Friday, 25 June 2010


There was already quite a bit of light at 4 am when this Gardner moth trap was checked in the overflow car park field at the country park, early on Friday 25th. It had turned quite muggy by dusk the previous evening, which seemed quite promising for moth activity, so this Gardner trap photographed above and a Skinner trap were left to operate through the short night.
Unfortunately the skies cleared just after midnight revealing plenty of moon-light.

Conditions were perfect just after dusk with masses of flies, mosquitoes, caddis flies and moths coming into the lights. Interesting beetles noted were 2 great silver diving beetles, lesser stag beetle and a few summer chafers. Several pipistrelle bats were also swooping low over the traps and close-by, five of them were showing interest in a roost site they used last summer, behind weatherboarding on the toilet building in the car park.

Checking the traps just after daylight broke had to be done reasonably promptly before some of the moths flew off with the increasing daylight and also before blackbirds and crows helped themselves to the easy pickings.
Just over 200 moths of nearly 50 species of macro moth were noted, making it a worthwhile session.

Amongst all the usual familiar moths, was this delicate small orange moth fluttering about which looked interesting and one I didn't recognise. This is the rare vagrant Rannoch looper moth, which will have arrived here from the continent with the recent warm winds. It had been very rare in Essex until last June when at least five were recorded just in the one month, involving 3 at Maldon, one at nearby Old Hall Marshes and a fifth in the west of the county. I'm sure the moth has already been recorded this month from other sites in Essex.

The picture below shows the Rannoch looper in typical pose with the wings held vertically, although after a while it lowered the wings down. Luckily it's not a flighty moth like some of the small ones and this one was happy to pose for photos.

Some of the ther moths noted included figure of 80, common emerald, blood vein, riband wave, single-dotted wave, barred straw, barred yellow, small yellow wave, scorched wing, mottled beauty, bordered white, pebble prominent, buff-tip, double square-spot, shark, poplar grey, small angle shades, dark arches, light arches, green silver-lines, middle-barred minor and lots of marbled minors.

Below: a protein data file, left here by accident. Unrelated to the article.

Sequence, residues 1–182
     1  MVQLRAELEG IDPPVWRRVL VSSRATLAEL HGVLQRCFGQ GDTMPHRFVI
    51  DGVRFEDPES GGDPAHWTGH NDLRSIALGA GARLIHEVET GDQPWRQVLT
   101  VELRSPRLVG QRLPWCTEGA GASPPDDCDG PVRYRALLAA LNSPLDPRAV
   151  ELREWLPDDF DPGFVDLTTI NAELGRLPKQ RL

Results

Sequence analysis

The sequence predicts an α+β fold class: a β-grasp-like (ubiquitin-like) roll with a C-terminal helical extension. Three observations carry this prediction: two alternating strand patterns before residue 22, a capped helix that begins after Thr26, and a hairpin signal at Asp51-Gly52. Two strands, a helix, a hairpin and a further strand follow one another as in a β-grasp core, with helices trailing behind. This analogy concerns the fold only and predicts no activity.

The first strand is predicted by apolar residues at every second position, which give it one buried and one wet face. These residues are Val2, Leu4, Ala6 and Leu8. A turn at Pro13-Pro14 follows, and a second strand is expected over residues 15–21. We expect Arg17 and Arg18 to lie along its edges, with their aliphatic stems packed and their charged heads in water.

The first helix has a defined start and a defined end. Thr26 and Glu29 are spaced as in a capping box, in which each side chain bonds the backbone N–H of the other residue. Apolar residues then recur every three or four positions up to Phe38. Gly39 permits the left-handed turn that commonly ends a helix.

A few hawkmoths were also noted with the first pine hawkmoth of the summer, pictured above, found resting on the grass a few metres from the trap. Also seen were a couple of elephant hawks, privet hawk and an eyed hawkmoth.

This sand dart stood out from the other moths because of its almost whitish colour and the finely traced markings. It was the other notable moth for the night as it's a nationally rare moth, restricted to coastal sites, where the larval foodplant are a number of strandline plants. It has been recorded here before but not for about four years, so it was good to see it is still present.

The aptly named and distinctive leopard moth with it's black spots, was found resting on some grass nearby. One or two are often seen during the summer trapping sessions here.

This blotched emerald hasn't been recorded from the park before although it's quite a widespread moth elsewhere.

On Thursday evening I visited Adrian Amos' garden in East Road in the middle of West Mersea, as he'd just seen 4 turtle doves coming to the birdseed in his back garden. Needless to say I didn't catch up with them but I did see several mullein moth caterpillars, photo above, feeding on his mullein plants. Earlier in the day the Bromans Lane turtle dove was heard singing near the park.

A male marsh harrier was hunting low over the fields near the East Mersea Pick Your Own early on Thursdy evening. A Mediterranean gull flew over the park in the morning and Neil Mortimer also reported seeing one recently at the Youth Camp.

During a late afternoon walk along the Strood seawall on Friday, I was surprised to get so close to this corn bunting. Normally they are quite wary but this one allowed me to get within 5 metres and point the camera at it. I think it was probably a female with some food in it's bill as the jangling song of the male could be heard close-by.

A male marsh harrier quartered the fields inside the Strood seawall, flying low along ditches and occasionally dropping down to rest. At one point it swooped down and was lunged at by a hen pheasant, presumably trying to protect her chicks. The harrier must have got something as it flew off and after landing briefly on a nearby track to pluck at it's feet, it climbed into the air, spiralling higher and higher heading off to the south-west - probably taking some food to its family at Old Hall.

There was no sign of the yellow-legged gull that has been seen recently from the Strood. Other birds noted included sparrowhawk, kestrel, yellow wagtail, reed buntings and a few reed warblers. Despite it being low tide, there were few waders to see other than 12 redshank and a few curlew, oystercatchers and lapwings.

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